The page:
Westford's Teachers Aim To Get Town's Attention Outside Schools
Westford teachers hope that a series of visibility actions outside Westford's public schools before and after the regular school day this week will sway residents to their side.
Following the recent negotiating impasse that ended the current round of mediation between the Westford Education Association and the Westford School Committee, WEA members began taking to the street corners outside schools to once again aim at garnering support at their cause.
The visibility began on Monday, with teachers from the Nabnasset, Miller and Robinson Schools outside carrying banners and wearing the bright green t-shirts of the union before and after the school day, with teachers from Westford’s other public schools standing outside on Monday morning.
Monday’s efforts will be duplicated, with the t-shirts and banners shifting on Tuesday to the Abbot, Day and Crisafulli Schools, Wednesday to the Stony Brook and Blanchard Schools and on Thursday to Westford Academy at times that will not conflict with their obligations in the classroom.
According to WEA officials, the teachers’ early arrival has continued for the safety of their students, despite the union’s “work-to-rule” action, where all voluntary work-related activities are prohibited.
Teachers such as WEA negotiating team leader Mary McCusker say they are aiming to do those voluntary actions, such as writing college recommendations for students, during work hours to avoid shortchanging their students while not violating the work-to-rule decision.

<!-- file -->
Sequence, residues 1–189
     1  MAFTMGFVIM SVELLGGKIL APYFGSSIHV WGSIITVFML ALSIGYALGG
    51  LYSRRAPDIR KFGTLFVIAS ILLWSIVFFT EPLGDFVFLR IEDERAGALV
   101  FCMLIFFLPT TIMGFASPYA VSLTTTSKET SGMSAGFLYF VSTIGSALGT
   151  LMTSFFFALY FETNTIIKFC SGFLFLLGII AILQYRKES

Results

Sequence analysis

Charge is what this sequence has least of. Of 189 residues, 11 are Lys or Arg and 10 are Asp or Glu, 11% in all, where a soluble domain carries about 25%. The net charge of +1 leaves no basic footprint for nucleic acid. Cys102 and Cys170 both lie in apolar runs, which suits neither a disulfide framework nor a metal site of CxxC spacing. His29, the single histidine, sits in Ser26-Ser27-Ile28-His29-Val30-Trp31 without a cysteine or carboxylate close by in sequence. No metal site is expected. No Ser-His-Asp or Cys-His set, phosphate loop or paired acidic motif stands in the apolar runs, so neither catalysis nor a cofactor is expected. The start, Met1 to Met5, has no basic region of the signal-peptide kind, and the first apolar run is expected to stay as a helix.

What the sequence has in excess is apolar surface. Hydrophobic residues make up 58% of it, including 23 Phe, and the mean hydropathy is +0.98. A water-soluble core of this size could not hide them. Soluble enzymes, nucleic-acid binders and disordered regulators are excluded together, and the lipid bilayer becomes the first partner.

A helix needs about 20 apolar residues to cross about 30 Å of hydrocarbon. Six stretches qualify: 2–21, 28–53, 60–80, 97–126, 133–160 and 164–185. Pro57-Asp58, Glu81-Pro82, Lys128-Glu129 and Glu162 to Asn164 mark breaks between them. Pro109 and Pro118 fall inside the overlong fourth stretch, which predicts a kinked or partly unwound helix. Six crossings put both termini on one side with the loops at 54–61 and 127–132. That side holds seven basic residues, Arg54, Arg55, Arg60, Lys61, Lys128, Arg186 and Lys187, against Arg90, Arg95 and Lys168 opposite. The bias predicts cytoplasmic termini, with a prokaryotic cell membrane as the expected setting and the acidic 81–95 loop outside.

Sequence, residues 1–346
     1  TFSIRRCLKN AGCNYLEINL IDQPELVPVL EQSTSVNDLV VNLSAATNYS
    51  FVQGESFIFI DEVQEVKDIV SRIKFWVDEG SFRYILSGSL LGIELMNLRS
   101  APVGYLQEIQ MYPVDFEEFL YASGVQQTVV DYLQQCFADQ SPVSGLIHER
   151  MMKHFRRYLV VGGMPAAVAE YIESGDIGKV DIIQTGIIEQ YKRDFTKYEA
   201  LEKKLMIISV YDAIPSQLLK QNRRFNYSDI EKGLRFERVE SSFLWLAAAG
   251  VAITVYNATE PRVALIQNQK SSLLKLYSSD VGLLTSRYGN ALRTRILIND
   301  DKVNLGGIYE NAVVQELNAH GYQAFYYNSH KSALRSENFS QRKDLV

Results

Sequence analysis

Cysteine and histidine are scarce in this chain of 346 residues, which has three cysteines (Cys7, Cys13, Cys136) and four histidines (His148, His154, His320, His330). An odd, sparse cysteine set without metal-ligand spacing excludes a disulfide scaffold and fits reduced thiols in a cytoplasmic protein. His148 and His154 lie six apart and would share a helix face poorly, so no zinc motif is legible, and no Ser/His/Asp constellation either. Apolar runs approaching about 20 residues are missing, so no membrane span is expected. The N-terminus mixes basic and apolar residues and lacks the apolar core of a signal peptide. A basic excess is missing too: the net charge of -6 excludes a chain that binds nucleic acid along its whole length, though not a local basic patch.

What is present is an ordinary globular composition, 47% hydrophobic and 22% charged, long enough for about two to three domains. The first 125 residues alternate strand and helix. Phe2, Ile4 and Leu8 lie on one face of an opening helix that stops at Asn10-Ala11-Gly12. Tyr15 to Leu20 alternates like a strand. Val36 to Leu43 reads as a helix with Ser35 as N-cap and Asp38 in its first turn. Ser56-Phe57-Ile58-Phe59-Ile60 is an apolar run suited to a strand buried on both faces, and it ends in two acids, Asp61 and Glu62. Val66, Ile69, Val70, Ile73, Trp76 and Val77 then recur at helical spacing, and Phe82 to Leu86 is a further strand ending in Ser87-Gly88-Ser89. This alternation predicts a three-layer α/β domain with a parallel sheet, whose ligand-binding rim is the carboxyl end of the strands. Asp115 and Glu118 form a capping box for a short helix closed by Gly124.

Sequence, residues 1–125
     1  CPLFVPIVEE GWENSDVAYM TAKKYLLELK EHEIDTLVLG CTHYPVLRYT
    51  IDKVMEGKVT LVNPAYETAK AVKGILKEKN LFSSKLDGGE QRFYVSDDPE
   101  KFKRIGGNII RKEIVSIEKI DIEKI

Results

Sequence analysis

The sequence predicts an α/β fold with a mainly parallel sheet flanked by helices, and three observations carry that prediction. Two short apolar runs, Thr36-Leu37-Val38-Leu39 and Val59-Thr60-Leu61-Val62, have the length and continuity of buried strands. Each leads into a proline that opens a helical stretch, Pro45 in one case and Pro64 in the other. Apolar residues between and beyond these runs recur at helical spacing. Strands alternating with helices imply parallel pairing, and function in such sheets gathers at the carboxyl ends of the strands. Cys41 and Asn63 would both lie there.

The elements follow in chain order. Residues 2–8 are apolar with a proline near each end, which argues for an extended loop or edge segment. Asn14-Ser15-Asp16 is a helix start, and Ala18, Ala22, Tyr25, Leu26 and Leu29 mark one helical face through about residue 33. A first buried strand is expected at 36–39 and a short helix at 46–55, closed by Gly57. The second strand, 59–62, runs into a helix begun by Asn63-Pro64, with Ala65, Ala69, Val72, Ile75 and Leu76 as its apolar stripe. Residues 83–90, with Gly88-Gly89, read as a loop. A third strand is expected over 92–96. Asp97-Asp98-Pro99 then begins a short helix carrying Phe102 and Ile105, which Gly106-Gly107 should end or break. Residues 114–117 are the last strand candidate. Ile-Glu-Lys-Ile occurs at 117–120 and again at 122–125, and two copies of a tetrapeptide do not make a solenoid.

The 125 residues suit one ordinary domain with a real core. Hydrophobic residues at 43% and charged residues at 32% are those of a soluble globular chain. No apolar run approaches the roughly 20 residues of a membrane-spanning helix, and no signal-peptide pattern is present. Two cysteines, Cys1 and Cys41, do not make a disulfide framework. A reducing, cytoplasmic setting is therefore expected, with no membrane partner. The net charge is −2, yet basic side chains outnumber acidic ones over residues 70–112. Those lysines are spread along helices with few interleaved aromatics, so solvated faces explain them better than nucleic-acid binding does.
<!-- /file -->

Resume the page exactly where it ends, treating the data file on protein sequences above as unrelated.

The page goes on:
While town officials have noted that the town’s other unions have come to agreements, McCusker believes that such comparisons are unfair.
“Other unions only have five steps, we have 14 steps. It’s apples and oranges, it’s not the same,” she said. “And it’s only a reopening clause, it doesn’t mean that (the town) has to pay the other unions because they have a reopening clause allowing them to renegotiate their contracts.”
Negotiations are set to restart on Wednesday, with WEA members hoping to reach an agreement they can live with while satisfying the needs of negotiators on the other side.
“We’ve always been more than willing to try and work within the financial restraints (the town) says they are working under,” said negotiating team member and Nabnasset special needs teacher Lisa Navarro. “We have yet to get any clarifying statements from them regarding our non-budgetary offers, they simply say they will not discuss, no, no, no. We haven’t heard any reasoning why.”
Currently both sides have come to agreement on 11 of the 22 items currently under negotiation, although neither side has elaborated further over details of what those items are, with McCusker only noting that they are fairly non-controversial topics.
Following a question during Monday night's School Committee meeting, School Committee chairwoman Angela Harkness indicated that mediations ended at the request of the mediator after their belief that no further progress could be made during that mediation.
Harkness also indicated that the main piece of contention was compensation, although no further information could be provided due to an agreement between both sides prior the beginning of the contract process that negotiations would be private.
However, on that note, School Committee member David Keele said he would make a motion to publicize details of negotiations to the public if progress was not made from Wednesday's meeting.
In addition to mediation, Wednesday will also hold a hearing in regard to the union's unfair labor practices claim against the town. If that claim continues, according to Harkness on Monday night, the process could continue until January 2013.